Beasley wins Missouri Coach of the Year award

“[I let] them know that I want them to be a great swimmer, but I value them as a person even more,” Beasley said. “They trust me and they value our coach and athlete relationship.”

Mary Ralston

“[I let] them know that I want them to be a great swimmer, but I value them as a person even more,” Beasley said. “They trust me and they value our coach and athlete relationship.”

Hayden Davidson, sports writer

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KHS boys’ and girls’ swim and dive head coach Matt Beasley received the Missouri Boys Swimming and Diving Coach of the Year award, given by the National Federation of State High School Associations (NFHS). Beasley was nominated by MSHSAA for the Boys Swimming and Diving Coach of the Year for Missouri in June 2018.

Beasley, a 2002 Parkway South graduate, was a three-time All-American in swim and dive in high school. He also went on to swim for four years at Missouri State University. Beasley became the boys’ swim and dive head coach at KHS in 2010. He said he is grateful for the opportunities he has had since he began coaching.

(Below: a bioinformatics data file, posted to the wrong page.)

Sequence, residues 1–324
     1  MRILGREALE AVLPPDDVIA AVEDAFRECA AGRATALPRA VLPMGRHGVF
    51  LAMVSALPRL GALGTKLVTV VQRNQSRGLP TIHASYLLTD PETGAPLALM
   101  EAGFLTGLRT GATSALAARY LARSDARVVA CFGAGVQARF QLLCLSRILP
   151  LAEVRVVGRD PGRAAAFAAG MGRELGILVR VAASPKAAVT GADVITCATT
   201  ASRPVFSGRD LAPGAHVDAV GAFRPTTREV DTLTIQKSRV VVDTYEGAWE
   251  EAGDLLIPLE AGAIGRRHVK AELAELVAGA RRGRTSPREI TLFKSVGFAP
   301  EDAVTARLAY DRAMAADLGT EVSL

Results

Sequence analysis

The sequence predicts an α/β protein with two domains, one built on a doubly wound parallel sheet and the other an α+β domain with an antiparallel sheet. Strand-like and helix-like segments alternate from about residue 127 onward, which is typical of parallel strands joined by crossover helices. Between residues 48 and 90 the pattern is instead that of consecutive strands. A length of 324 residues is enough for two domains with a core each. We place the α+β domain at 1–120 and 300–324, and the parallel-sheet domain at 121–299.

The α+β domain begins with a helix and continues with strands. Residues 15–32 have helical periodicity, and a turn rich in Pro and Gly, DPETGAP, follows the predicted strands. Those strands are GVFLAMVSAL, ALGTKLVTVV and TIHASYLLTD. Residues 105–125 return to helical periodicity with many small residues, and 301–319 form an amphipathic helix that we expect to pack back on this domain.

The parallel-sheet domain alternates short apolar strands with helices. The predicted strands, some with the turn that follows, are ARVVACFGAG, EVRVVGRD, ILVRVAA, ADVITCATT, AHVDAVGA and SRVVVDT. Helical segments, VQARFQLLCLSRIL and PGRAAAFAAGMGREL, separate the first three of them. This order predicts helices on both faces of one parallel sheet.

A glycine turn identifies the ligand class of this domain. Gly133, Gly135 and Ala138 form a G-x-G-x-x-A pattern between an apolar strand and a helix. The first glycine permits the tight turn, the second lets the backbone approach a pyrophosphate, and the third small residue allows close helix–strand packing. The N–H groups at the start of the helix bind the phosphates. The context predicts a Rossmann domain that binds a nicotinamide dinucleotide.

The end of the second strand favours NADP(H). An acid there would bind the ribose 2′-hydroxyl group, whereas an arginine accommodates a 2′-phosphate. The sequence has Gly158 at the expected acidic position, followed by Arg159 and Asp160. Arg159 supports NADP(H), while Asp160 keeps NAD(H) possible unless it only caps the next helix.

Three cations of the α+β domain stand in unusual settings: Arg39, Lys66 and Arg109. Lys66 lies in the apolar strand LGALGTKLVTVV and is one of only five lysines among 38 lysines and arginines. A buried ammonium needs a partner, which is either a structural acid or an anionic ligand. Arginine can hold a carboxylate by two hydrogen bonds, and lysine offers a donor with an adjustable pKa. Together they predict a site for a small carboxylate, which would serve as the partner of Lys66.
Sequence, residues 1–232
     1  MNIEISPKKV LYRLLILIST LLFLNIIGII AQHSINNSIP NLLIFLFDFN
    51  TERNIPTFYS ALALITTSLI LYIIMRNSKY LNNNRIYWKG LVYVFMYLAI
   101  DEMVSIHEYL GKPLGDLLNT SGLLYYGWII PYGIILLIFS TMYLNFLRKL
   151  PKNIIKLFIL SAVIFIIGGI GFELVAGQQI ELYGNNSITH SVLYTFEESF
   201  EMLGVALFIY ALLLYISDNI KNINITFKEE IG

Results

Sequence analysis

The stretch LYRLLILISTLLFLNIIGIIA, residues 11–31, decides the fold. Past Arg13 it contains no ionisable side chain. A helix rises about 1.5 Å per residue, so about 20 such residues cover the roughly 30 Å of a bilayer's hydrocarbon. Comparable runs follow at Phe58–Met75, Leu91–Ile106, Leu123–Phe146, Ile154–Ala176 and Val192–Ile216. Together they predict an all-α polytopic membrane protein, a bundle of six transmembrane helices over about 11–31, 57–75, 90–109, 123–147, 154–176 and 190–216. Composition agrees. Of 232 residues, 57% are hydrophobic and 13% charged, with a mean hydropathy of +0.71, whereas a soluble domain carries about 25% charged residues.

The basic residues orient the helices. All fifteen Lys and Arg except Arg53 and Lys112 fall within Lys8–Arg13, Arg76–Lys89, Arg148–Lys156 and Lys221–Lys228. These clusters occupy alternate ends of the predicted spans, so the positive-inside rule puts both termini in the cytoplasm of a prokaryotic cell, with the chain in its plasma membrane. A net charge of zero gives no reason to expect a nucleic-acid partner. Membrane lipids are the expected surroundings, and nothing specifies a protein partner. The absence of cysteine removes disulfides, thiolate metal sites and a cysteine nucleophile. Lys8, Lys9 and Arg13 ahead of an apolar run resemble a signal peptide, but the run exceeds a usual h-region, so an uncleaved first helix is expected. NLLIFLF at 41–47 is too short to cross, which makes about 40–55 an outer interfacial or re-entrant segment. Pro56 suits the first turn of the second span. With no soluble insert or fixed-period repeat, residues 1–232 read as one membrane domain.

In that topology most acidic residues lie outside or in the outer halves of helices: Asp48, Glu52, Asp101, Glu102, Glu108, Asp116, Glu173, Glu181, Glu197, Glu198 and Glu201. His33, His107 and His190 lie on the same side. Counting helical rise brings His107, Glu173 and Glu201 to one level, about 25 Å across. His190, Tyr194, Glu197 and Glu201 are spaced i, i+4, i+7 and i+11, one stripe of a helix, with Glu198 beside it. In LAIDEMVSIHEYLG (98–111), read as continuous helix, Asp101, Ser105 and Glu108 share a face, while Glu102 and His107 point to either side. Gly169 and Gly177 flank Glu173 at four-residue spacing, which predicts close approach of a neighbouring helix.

“I’ve had some really great kids the last nine years,” Beasley said. “I’ve been fortunate to have those good kids and we mesh well. It seems like I get the best out of them and they turn out to be really great swimmers.”

KHS athletics director Corey Nesslage has a high opinion of Beasley, who coached the boys’ team to a 10-0 record in dual meets and the girls’ team to an 8-2 record this season. Nesslage first met Beasley when he was a walking counselor at KHS, and at the time he was the boys’ program’s head coach. With the new facility finished in 2015, Beasley now teaches aquatics, and Nesslage said Beasley does a great job of both teaching and coaching.

Coach Matt Beasley receives state award from MSHSAA Associate Executive Director Stacy Schroeder. Photo courtesy of Matt Beasley.

“Both of our [swim and dive] programs are absolutely thriving right now and a lot of that can be contributed to Coach Matt Beasley,” Nesslage said. “I would not want anyone else to be the head coach of our swim programs, both on the boys and girls side.”

Beasley said he gets to know his athletes well and learns how they work best. But he is committed to his swimmers, not just in their role as athletes, but as growing people.

“[I let] them know that I want them to be a great swimmer, but I value them as a person even more,” Beasley said. “They trust me and they value our coach and athlete relationship.”